Both sides roll out arguments on proposed Skokie skate park
Mark Collins speaks in favor of a proposed skate park for the grounds of Lincoln Junior High School at an Oct. 3 public hearing at the school. District 69 parents, many of whom oppose the park, attended. | Joe Cyganowski~For Sun-Times Media
WHAT: Proposed skate park
WHERE: Lincoln Junior High School, 7839 Lincoln Ave.
NEXT: The Skokie School District 69 Board will vote Oct. 16 and the Skokie Park Board Oct. 30.
Updated: November 12, 2012 6:10AM
SKOKIE — About 80 local residents passed on watching the national presidential debate Oct. 3 to participate in a more-local debate over a controversial proposed skate park for Lincoln Junior High School.
There was no debate winner by the end of the public hearing held in the school gymnasium; most participants would say that the winner won’t be known until Oct. 16 when the Skokie School District 69 Board votes on the project and then Oct. 30 when the Skokie Park Board does the same.
But both sides had their say at the spirited hearing as Park District and school-district officials paid close attention to all testimony both pro and con.
The skate park would be a joint effort among the Park District, school district and village, the latter of which would spend as much as $250,000 of downtown tax increment finance funds to help build it.
To the Park District, getting that downtown TIF money for the skate park is important, but only one good reason the skate-park project makes sense.
“If your community doesn’t have a skate park, your community is the skate park,” said Michelle Tuft, superintendent of recreation and facilities. “Skaters are forced to use the streets, parking lots, plazas because there are no facilities for them.”
Recognizing the increasing popularity of the sport, the Park District made building a skate park part of its 10-year plan. In 2008, parks officials “scoured the community” looking for locations, Tuft said. “We looked at some of our parks that are in our system and we also looked at property that might be available for sale. We didn’t really find any appropriate space in our prime parks.”
The one exception was the Skokie Sports Park on the east end of Oakton, but that site was not available because of complications with the Park District only leasing the property from the Metropolitan Water Reclamation District.
In researching the project, the Park District toured skate parks in other communities with teenagers who participate in the sport. A later Park Board meeting including more input from children, which was used to draft a preliminary design of the park.
The Oct. 3 hearing reflected positive support for the skate park from nearby downtown institutions.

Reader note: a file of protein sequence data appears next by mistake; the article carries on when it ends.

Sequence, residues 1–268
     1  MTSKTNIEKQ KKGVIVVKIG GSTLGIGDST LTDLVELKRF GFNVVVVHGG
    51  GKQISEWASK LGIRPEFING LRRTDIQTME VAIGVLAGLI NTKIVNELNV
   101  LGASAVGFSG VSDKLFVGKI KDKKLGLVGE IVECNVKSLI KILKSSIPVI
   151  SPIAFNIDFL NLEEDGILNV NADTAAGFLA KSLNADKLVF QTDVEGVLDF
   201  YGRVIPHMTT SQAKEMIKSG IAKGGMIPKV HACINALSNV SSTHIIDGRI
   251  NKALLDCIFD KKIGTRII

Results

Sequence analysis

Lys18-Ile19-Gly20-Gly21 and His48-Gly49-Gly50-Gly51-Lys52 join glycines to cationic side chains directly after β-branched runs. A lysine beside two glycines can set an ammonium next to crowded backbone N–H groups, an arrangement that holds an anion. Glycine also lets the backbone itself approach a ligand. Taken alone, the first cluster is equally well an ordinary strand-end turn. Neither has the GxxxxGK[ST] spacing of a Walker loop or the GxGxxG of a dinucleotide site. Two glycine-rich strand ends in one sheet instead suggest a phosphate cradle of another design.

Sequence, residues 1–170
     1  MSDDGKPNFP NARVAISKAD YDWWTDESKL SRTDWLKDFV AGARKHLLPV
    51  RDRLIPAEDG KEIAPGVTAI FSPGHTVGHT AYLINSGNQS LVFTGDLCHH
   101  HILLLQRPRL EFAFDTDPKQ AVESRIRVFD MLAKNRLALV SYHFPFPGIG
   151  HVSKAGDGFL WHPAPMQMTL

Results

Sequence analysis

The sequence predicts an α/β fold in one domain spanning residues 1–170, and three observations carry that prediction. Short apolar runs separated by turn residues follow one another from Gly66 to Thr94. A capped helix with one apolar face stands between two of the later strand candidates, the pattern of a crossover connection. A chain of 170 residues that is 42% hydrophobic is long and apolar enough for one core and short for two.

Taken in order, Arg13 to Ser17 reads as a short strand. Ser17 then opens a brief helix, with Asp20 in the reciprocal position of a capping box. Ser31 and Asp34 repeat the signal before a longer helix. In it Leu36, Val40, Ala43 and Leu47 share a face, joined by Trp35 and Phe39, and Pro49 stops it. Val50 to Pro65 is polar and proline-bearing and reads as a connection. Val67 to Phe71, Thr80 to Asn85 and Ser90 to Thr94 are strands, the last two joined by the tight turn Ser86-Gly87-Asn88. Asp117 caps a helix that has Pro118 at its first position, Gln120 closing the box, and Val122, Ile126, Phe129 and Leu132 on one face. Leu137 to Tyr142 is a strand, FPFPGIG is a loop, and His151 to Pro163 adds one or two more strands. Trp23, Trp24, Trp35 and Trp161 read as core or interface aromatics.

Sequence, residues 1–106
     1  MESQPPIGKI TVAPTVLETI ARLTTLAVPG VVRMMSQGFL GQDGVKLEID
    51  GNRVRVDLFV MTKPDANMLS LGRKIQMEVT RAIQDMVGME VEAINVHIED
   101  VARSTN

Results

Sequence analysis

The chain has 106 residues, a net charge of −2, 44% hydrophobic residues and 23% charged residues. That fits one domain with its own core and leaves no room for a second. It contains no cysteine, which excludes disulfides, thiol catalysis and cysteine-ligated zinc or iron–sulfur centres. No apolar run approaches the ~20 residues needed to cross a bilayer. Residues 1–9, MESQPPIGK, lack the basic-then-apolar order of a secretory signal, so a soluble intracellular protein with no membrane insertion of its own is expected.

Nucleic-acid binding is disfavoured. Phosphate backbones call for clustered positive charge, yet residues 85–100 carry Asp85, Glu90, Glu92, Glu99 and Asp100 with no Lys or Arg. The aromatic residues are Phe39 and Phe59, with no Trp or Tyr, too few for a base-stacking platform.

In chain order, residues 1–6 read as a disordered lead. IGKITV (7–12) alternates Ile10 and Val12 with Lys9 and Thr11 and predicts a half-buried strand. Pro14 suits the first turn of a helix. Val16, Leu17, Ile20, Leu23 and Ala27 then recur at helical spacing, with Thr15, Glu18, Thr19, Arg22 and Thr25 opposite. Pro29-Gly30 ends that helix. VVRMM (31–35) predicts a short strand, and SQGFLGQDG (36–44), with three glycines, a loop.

“For years in and around library property, we’ve seen kids skating,” said Skokie Library Director Carolyn Anthony.
Anthony said it’s an unsafe situation because kids skate in areas such as parking lots where cars are located.
“It’s made me so nervous because I thought that any day now something is going to happen and one of these kids is going to get hit,” she said. “I understand that they want to play and to have fun but that’s just not the place to do it. It’s just a bad mix of things going on there.”
Skokie Chamber of Commerce Executive Director Howard Meyer said he believes the skate park would increase foot traffic into downtown and be good for business.
Mark Collins, a Niles Township trustee speaking only as a Skokie resident, said no one will ever see him skating at the park, but he still supports the project.
“This is a safe environment for those kids who want to have fun,” Collins said.
One of the most impassioned defenses of the skate park came from Skokie Police Cmdr. Michael Pechter, who said one of his sons, an avid skater, would use the new facility.
Pechter said his son was kicked off library grounds because he had no other place to go.
“It’s a good, unique, creative use of unused (funds),” said Pechter, who also wanted to see a rest room built at the park.
But those who oppose the park, many of them District 69 parents, said they don’t doubt the need for a skate park — just its location.
“There’s a group of us who are not saying that skateboarders are bad,” said Patty O’Malley, a District 69 parent who reflected the position of other parents, as well. “What we’re saying is that this is not an appropriate place to put a skateboard park.”
O’Malley said her main concern is that the park will be located on school property.
“Our main goal is to enhance the educational experience of our children,” she said. “I ask that our school board make decisions based on that. To this day after six months of conversation ... I do not see what the educational impact on our kids will be with this skate park.”
Some parents also raised concerns about noise and the potential distraction of children in class. Proponents countered that other sources produce outside noise and are not problematic.
Julianne Arviza, who sits on the chamber board that endorsed the park, said she has mixed feelings. She believes the skate park is a good idea but is uncertain it belongs on school-district property, she said. She added that she believes District 69, which has had its share of financial problems, should be compensated.
Only one skateboarder spoke at the meeting, saying that people should not “live in fear” of what they don’t know.
Tuft said that national statistics show that skaters come from all ethnic backgrounds with the average age 14, 85 of percent of whom are male. About 4.6 percent of the population engage in the sport, which would project to 2,700 Skokie residents who potentially could have interest in the park, she said.